PDA

View Full Version : Did I do a no no?


Bruce
11-23-2006, 05:45 PM
I found a device in the back of my boat that is obviously made for engine flushing. Does not look like the previous owners ever used. In essence it a piece of 1 1/4 radiator hose with a ball valve and a female garden hose fitting. I hooked it up and it worked great. Lot of trouble so I will go to a flush pro. Now for the rest of the story. After about 20 mins. of flushing I decided to slip it in gear. Big scary noise! I did not leave it long enough to tell but my guess is it was coming from the shaft. Do they need to be in the water for lubrication or something? They must be able to do this in shops when working on them. Everything was fine when I last had it in the water. Info: 1999 MariStar 230VRS 5.7 Indmar Vortec. Boat is in slip hanging in straps. I did not have it in water because the water was way to low. The water is brackish and that is why I was flushing.
All that being said do I need a big S on my shirt.(For STUPID? Any thoughts on noise?:confused: :confused:

G-man
11-23-2006, 05:47 PM
Yes they need to be in water for lubrication. Take it out and drive it.

BriEOD
11-23-2006, 06:11 PM
LOL!! Yes, it needs to be in the water. No, you didn't do any damage. It's no big deal. Go change your shorts and relax. :D

Bruce
11-23-2006, 06:27 PM
Just changed shorts! Whewwwww . Thanks guys now I can go and enjoy the turkey. Happy Thanksgiving

ski_king
11-23-2006, 08:23 PM
No big deal as long as it was only a second or 2.

It can be fun under the right circumstances also.
http://www.tmcowners.com/teamtalk/showpost.php?p=35541&postcount=13

Bruce
11-23-2006, 08:34 PM
Luckily it was real quick. Now for the rest of my continuing education: How do shops perform test on shafts , trans etc. without them being in the water?

JimN
11-24-2006, 12:09 AM
The shaft can be soaked with water or sprayed with light oil (WD-40, PB Blaster, or ?) for a short run. If it's going to run for a long time, it needs to be run in the water or constantly hosed down.

88 PS190
11-24-2006, 12:23 AM
Its def. a prank people play, hey check out my new boat! hey slip it in gear!

slink976
11-24-2006, 12:27 AM
Luckily it was real quick. Now for the rest of my continuing education: How do shops perform test on shafts , trans etc. without them being in the water?

They have alot water bills! your okay man, rule of thumb though I never run mine "In Gear" outside of the lake

erkoehler
11-24-2006, 12:30 AM
Luckily it was real quick. Now for the rest of my continuing education: How do shops perform test on shafts , trans etc. without them being in the water?

Most of the time, our mechanics visually inspect the shaft, and if it needs further attention, a lake test is in order.

88 PS190
11-24-2006, 12:45 AM
Careful not to destroy those bushings. Kind of a pain to remove.

Jesus_Freak
11-24-2006, 02:26 AM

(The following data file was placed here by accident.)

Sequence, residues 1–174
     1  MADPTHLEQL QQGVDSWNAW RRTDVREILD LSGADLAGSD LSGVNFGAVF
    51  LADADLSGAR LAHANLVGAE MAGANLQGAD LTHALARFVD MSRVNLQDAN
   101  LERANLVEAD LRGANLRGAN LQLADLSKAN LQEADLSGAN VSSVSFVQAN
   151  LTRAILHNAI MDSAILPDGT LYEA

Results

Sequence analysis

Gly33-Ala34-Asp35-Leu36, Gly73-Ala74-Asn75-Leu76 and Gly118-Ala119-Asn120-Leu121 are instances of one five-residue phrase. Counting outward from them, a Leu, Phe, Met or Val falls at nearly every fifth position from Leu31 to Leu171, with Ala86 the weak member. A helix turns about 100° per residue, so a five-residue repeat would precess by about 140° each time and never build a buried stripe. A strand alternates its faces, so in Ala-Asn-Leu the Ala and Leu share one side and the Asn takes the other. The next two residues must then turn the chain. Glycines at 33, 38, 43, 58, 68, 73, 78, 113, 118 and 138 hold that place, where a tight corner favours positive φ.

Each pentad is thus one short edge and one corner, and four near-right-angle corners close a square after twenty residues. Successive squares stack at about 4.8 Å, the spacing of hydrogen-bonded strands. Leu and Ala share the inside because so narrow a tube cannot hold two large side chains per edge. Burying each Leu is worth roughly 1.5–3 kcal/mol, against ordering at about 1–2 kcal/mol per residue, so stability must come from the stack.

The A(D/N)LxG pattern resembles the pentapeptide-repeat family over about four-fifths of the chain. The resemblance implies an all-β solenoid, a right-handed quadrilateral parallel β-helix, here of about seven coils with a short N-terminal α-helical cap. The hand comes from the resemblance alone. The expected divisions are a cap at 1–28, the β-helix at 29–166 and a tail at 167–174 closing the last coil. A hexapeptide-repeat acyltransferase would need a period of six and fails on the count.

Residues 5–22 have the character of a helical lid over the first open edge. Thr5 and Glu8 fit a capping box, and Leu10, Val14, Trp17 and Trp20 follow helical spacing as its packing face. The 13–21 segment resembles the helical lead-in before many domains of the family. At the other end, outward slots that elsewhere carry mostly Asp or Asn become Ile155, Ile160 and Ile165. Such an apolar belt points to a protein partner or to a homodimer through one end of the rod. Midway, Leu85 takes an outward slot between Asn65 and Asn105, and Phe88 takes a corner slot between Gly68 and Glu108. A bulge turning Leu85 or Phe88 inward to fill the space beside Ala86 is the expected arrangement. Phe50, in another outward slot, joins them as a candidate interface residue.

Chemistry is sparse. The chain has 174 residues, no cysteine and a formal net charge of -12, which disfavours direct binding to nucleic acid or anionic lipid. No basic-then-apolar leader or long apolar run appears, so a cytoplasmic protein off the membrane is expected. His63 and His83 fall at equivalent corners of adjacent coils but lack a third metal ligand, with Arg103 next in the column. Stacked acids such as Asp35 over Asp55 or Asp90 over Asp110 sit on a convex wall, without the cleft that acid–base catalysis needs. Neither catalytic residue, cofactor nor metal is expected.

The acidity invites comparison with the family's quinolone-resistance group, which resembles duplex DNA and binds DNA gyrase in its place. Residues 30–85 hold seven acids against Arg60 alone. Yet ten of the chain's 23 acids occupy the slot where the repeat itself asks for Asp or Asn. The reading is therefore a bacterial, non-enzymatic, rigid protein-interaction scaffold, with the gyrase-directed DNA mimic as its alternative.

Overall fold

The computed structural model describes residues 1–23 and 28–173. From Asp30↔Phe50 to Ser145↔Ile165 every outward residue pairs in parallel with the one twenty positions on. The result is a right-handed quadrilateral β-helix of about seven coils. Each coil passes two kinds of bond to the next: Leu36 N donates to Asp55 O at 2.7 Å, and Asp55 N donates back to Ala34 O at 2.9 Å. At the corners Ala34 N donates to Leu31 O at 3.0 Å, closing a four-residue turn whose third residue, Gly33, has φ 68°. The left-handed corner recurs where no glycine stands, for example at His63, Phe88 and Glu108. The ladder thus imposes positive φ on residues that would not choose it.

Its def. a prank people play, hey check out my new boat! hey slip it in gear!

Hilarious!

mash
11-24-2006, 07:21 AM
I've been around boats and machinery for a long time, but never seen bearings that actually needed water in them to work correctly. Probably would have made the same mistake if not for reading about yours.

Thanks.

rhsprostar
11-24-2006, 07:33 AM
Your fine, my buddy did the same on his a few years back, no harm done as long as it was only for a second or so.

atlfootr
11-25-2006, 09:29 AM
Thankfully, owning an Outboard is sooooooo much easier.

BriEOD
11-25-2006, 09:36 AM
Thankfully, owning an Outboard is sooooooo much easier.
C'mon, you can't make a statement like that. In regards to running out of the water, sure. But, it is a pain in the neck to climb up that tiny little platform back into the boat.

Footin
11-25-2006, 09:52 AM
C'mon, you can't make a statement like that. In regards to running out of the water, sure. But, it is a pain in the neck to climb up that tiny little platform back into the boat.

I agree with you Brian, my friends use to call my outboard the "Veg-o-matic"

ski_king
11-25-2006, 10:08 AM
Thankfully, owning an Outboard is sooooooo much easier.
I guess you forgot about this (http://www.tmcowners.com/teamtalk/showthread.php?t=9654)?

I think the BF200 is a great boat, but I think I will stick with a inboard.

BriEOD
11-25-2006, 05:19 PM
Their are pros and cons to an outboard and inboard for sure. I don't want to put words in his mouth. But, I don't think you can say one is definitively better than the other. I speak from experience. I had a skiing partner who had a BF 200.

Footin
11-25-2006, 05:24 PM
I have owned both, I perfer the inboard. (barely).

6ballsisall
11-25-2006, 05:31 PM
When in doubt, get both!!!!! (PS190 & BF200) :D

JohnnyB
11-26-2006, 11:16 AM
I wish I could afford both. I agree, I like the inboard better (barely).

Inboard Pros:

-bigger platform for puttin on my slalom, helping my 3yr old and 6yr old with their gear, etc.
-EASY to work on/maintain -- everything is easy to get to
-availability of most parts (most cross at NAPA or Carquest)
-better all-around (slalom/wakeboard/BF)
-quieter (unless you are into 4-stroke outboards)

Outboard pros

-much less maintenance
-easier for cold climate (don't have to re-winterize after the Dec/Jan/Feb/Mar ski sessions)
-better BF
-manueverability
-more room in the boat

BarefootWt
11-26-2006, 11:48 AM
I was told by my dealer that they sometimes just lube the bushing with water proof grease if they only need to run in gear for a few monutes. Somehow immersing in water is the best way, however according to dealer.

6ballsisall
11-26-2006, 12:31 PM
If you really need to run it in gear out of water just spray a hose over the bushing the whole time it's in gear. You'll have no problems then....